On Friday, China officially expanded its crackdown on terrorist activities into a new battlefield: cyberspace. Tuesday, CCTV released a 24-minute documentary on the connection between online terrorist propaganda and training videos and terrorist attacks within China. According to Xinhua, the documentary was made in cooperation with China’s State Internet Information Office, Ministry of Public Security, and State Council Information Office.
Below is the original, Chinese-language CCTV documentary. The second video provides a brief synopsis with an English voiceover.
The video includes footage from a number of terrorist attacks within China, including attacks in Tiananmen Square, Kunming, and Urumqi. It also includes extensive footage from videos posted online by the East Turkestan Islamic Movement (ETIM), the major focus of the documentary. The videos show black-clad men firing weapons or doing exercises as well as shouting slogans. Several of the videos include ETIM members talking while footage of attacks in China play behind them. There are also videos that give tutorials on how to fire guns and build explosives.
The documentary draws a direct connection between these online materials and terrorism in China. It says that every one of the terrorist attacks in China has been related to video and audio propaganda found online. The documentary includes interviews in which accused terrorists talk about how they gathered with others to watch the videos and grew more and more passionate about jihad. The documentary also notes an extreme jump in the number of videos posted online by ETIM (from eight in 2010 to 109 in 2013). The rise in online material correlates with a jump in the number of actual attacks carried out in China. The documentary makes it clear that the online spread of terrorist propaganda is a major factor in the rise of extremism and violence in China.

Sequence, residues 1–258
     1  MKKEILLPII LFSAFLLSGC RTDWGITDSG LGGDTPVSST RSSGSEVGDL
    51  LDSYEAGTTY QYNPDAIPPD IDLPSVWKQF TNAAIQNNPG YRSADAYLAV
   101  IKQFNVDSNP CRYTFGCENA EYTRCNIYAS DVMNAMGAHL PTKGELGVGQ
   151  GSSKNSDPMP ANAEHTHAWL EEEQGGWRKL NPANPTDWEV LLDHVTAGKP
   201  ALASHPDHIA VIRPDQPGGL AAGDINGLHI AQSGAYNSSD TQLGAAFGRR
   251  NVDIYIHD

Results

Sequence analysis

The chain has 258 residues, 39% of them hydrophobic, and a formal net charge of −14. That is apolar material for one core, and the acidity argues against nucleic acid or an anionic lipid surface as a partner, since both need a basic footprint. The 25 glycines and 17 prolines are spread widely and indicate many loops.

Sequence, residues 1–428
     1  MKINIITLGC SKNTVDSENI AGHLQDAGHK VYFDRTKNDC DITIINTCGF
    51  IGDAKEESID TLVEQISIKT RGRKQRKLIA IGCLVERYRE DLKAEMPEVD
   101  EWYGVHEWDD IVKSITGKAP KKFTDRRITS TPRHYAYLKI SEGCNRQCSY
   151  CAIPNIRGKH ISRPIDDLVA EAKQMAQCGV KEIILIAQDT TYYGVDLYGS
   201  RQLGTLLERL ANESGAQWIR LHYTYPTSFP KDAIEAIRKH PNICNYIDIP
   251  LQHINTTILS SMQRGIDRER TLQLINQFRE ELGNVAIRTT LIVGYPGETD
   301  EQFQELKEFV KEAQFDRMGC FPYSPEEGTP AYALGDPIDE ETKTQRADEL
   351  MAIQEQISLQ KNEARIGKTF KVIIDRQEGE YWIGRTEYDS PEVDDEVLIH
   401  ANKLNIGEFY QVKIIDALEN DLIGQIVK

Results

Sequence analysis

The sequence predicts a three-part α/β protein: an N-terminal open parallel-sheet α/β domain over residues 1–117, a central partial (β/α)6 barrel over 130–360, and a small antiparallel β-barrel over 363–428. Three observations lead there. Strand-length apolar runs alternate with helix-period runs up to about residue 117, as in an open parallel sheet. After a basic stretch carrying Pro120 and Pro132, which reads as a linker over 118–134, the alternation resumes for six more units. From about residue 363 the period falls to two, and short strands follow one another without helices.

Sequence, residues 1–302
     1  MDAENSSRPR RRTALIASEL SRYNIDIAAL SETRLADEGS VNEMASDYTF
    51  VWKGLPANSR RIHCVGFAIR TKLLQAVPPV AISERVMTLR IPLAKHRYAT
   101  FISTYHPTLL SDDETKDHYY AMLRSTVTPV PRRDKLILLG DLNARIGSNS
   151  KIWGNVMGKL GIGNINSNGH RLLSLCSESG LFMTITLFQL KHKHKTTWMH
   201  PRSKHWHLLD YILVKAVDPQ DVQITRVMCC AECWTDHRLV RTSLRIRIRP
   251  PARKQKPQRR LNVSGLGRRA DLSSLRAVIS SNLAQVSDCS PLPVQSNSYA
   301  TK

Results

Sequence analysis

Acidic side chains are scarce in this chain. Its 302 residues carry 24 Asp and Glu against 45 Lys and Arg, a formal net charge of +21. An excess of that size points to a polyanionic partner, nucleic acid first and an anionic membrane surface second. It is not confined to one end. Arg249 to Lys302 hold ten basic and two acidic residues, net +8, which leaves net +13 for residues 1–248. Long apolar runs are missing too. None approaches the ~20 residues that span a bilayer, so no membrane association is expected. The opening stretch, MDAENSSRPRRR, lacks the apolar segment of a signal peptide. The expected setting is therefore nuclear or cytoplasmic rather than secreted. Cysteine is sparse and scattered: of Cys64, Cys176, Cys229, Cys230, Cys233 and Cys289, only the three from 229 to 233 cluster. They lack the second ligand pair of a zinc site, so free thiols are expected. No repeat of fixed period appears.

The release of the documentary was accompanied by a media push in Xinhua. A commentary called online videos and audio a “cordial that speeds up the growth of the cancer” of terrorism. The commentary emphasized that such videos not only spread the ideology of jihad and promote terrorist attacks, but actually give viewers the necessary knowledge and skills for carrying out an attack. The piece notes that similar materials have incited terrorist attacks around the world, such as the bombing at the Boston Marathon in 2013.
The commentary strongly defended China’s campaign against terrorist propaganda. “Among those who advocate absolute freedom of the Internet, there are concerns that the Chinese government’s campaign to rid cyberspace of terrorist content could harm people’s personal rights. But they are wrong,” the article said. It also pointed out that China was seeking international cooperation in removing terrorist materials from the internet. China “needs support and cooperation rather than doubt or criticism,” it said.
The documentary also emphasized the international nature of the problem, noting that much of the terrorist propaganda is located on servers outside of China. Several shots in the video made it clear that both YouTube and Google host such materials. Under these circumstances, the Chinese government cannot do anything to remove the videos at their source, but can only try to block domestic internet users from accessing the sites. Thus technologies that allow people to bypass the Great Firewall present a direct threat to Chinese security. As Xinjiang’s Party chief said earlier this year, “90 percent of terrorism in Xinjiang comes from jumping the wall.” Taken along with China’s recent emphasis on “Internet sovereignty,” the anti-terrorism crackdown provides a strong argument for closer control of the internet.
To emphasize the need for international cooperation, the documentary highlighted ETIM’s ties to international terrorist networks around the world. It noted the similarity between ETIM propaganda videos and those released by other groups. The documentary also stressed that ETIM operates out of the border regions of Afghanistan and Pakistan, where its members interact with al-Qaeda and the Taliban. The video underlined that terrorism is not a Chinese problem, but a global problem that requires an international response. Part of that response, Beijing hopes, will be more cooperation to weed out terrorist safe havens in cyberspace.